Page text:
Former UK Independence Party leader Nigel Farage is the victim of a false accusation of antisemitism that is being circulated by the media, his political opponents in Britain, and the Anti-Defamation League (ADL), among others.
On Tuesday, an opinion article in the Washington Examiner blared: “Nigel Farage goes after the Jews.” That claim, in turn, was based on an article in the Business Insider, which claimed: “Nigel Farage says the ‘Jewish lobby’ has disproportionate power in the US.” The Business Insider quoted a member of Britain’s Labour Party who criticized Farage, saying the Brexit pioneer had “just gone full conspiracy” for his comments on LBC, a UK talk radio station.
Then Newsweek picked up the broken telephone, with staff writer Nicole Goodkind writing an article titled, “Jews Should Concern Americans More than Russian Influence, Nigel Farage Says.” She quoted ADL head Jonathan Greenblatt, a former Obama administration official who is no stranger to false accusations of antisemitism, at least against the right. He said Farage’s claim “plays into deep-seated anti-Semitic tropes about supposed Jewish control of government,” and that he had provided “fuel for white supremacists.” Goodkind’s article was retweeted by CNN’s Jake Tapper, among others.
It is telling that none of these media outlets actually provided Farage’s full comments for readers to judge for themselves. Business Insider embedded a YouTube video of Farage’s entire 55-minute show from Oct. 30, which few readers would have sifted through to find out what he had actually said.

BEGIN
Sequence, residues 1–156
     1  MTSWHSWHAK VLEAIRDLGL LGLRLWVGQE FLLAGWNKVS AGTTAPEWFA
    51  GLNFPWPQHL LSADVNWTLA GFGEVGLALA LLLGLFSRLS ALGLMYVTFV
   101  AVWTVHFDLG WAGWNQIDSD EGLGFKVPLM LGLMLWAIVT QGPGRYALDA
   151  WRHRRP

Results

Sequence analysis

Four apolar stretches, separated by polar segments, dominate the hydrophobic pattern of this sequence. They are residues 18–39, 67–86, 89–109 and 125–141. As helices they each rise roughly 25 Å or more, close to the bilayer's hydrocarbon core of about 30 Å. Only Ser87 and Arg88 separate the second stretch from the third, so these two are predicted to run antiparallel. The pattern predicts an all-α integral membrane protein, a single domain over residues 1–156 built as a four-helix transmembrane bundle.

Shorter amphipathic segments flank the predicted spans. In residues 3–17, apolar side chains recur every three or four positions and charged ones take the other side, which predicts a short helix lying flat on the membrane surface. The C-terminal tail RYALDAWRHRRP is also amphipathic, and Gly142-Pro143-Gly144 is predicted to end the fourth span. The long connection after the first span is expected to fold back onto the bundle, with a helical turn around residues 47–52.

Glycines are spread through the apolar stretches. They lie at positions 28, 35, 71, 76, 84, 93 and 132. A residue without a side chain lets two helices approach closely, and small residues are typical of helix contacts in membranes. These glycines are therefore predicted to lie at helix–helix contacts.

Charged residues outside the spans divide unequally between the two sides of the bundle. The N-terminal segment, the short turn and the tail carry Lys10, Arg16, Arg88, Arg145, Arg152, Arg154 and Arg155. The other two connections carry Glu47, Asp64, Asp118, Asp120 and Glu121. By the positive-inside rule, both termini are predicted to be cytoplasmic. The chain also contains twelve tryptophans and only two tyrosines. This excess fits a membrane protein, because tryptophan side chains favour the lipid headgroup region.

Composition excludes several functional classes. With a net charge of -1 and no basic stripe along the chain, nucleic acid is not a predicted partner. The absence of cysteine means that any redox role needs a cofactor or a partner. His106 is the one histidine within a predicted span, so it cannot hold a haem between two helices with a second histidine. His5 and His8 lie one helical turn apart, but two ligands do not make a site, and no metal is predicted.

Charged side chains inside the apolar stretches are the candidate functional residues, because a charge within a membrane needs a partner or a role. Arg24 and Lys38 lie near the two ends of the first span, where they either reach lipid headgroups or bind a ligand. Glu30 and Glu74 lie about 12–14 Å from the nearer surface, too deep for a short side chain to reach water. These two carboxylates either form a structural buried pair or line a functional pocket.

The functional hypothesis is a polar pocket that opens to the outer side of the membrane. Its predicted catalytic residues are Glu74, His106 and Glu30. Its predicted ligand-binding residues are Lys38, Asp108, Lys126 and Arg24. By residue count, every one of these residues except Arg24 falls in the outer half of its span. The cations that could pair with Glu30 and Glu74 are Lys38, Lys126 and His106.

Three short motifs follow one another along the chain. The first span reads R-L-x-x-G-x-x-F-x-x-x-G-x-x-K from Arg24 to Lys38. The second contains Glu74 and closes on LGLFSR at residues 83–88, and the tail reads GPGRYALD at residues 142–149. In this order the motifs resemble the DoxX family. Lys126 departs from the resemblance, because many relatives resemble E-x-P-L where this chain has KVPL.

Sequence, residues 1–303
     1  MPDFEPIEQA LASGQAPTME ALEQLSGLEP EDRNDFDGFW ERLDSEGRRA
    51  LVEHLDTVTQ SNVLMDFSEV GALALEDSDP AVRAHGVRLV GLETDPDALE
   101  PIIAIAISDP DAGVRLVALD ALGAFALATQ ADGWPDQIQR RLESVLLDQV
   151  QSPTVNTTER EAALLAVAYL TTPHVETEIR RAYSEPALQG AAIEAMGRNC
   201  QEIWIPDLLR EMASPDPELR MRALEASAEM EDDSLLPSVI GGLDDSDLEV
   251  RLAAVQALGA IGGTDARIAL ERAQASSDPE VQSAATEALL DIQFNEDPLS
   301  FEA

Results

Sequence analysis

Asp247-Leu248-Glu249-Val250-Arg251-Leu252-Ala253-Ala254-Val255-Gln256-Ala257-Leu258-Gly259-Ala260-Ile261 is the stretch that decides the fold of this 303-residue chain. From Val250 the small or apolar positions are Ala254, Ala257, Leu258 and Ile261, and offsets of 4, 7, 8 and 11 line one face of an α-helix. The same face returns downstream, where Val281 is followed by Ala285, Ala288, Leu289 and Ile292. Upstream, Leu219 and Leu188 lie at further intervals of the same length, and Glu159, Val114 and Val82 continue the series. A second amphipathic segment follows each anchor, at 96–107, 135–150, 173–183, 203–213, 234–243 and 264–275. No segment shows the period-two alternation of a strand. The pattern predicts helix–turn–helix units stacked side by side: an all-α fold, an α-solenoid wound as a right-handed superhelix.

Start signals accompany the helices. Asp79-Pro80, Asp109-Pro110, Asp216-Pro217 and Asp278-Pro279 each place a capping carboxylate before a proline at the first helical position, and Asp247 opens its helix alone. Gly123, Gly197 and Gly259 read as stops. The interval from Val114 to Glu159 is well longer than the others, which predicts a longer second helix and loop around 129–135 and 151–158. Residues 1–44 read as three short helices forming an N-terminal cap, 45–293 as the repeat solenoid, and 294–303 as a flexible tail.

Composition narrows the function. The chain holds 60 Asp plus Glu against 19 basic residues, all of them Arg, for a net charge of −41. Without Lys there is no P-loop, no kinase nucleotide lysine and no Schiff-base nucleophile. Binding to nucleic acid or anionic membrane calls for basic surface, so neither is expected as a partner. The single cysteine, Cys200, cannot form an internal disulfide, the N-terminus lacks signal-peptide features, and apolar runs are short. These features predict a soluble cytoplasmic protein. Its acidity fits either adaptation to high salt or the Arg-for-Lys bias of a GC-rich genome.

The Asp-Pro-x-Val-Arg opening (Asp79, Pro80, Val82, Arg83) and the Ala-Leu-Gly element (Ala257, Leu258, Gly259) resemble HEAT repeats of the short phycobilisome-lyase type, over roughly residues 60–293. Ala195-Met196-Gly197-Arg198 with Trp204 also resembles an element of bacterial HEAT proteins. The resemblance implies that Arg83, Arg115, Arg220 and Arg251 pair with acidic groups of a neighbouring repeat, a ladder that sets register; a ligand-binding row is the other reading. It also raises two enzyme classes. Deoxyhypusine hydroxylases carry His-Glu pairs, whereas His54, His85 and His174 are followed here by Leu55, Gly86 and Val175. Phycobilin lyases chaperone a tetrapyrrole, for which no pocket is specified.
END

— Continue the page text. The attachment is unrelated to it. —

Here is the relevant portion of the show, transcribed by Breitbart News (24:00 to 26:33 in the video that follows):
FARAGE: Ahmed is calling me from Leyton. Ahmed, good evening.
AHMED: Yeah, hello. I don’t know as much as the previous caller about the ins and outs. But what, you know, comes across to me is how come there’s such an issue with Russia, Russian involvement, and there’s no one really, you know, highlighting, you know, AIPAC and the Israeli lobby and their involvement in American politics and elections?
FARAGE: Well, the Israeli lobby, you know — that’s a reasonable point, Ahmed, because there are about six million Jewish people living in America, so as a percentage it’s quite small, but in terms of influence it’s quite big. But I don’t think anybody — they have a voice within American politics, as indeed do the Hindu groups, and many other groups in America. But I don’t think anybody is suggesting that the Israeli government tried to affect the result of the American elections. I think, Ahmed, what it comes down to, in my view, is that Russia is seen by the European Union and by the Democrats to be the enemy. Putin is seen to be the enemy. You know, we’ve done our best to expand the European Union, to expand NATO, right up to his borders by encouraging Ukraine to join, and ever since that moment, you know, he’s been the great bogeyman. But I — I have to say, I would be amazed, literally amazed — I certainly know from my perspective, I’ve had no Russian involvement or collusion, and I’ve not been a bag man, so I can speak for myself on this, you know, 100% — I can’t speak for the president 100%; Ahmed, you couldn’t speak for your brother or your parents 100%; none of us can know 100% — but I would be stunned if anything came out that showed that any interaction with Russia had had any material effect on that election at all. That’s how I feel, Ahmed. I mean, is that your suspicion, too?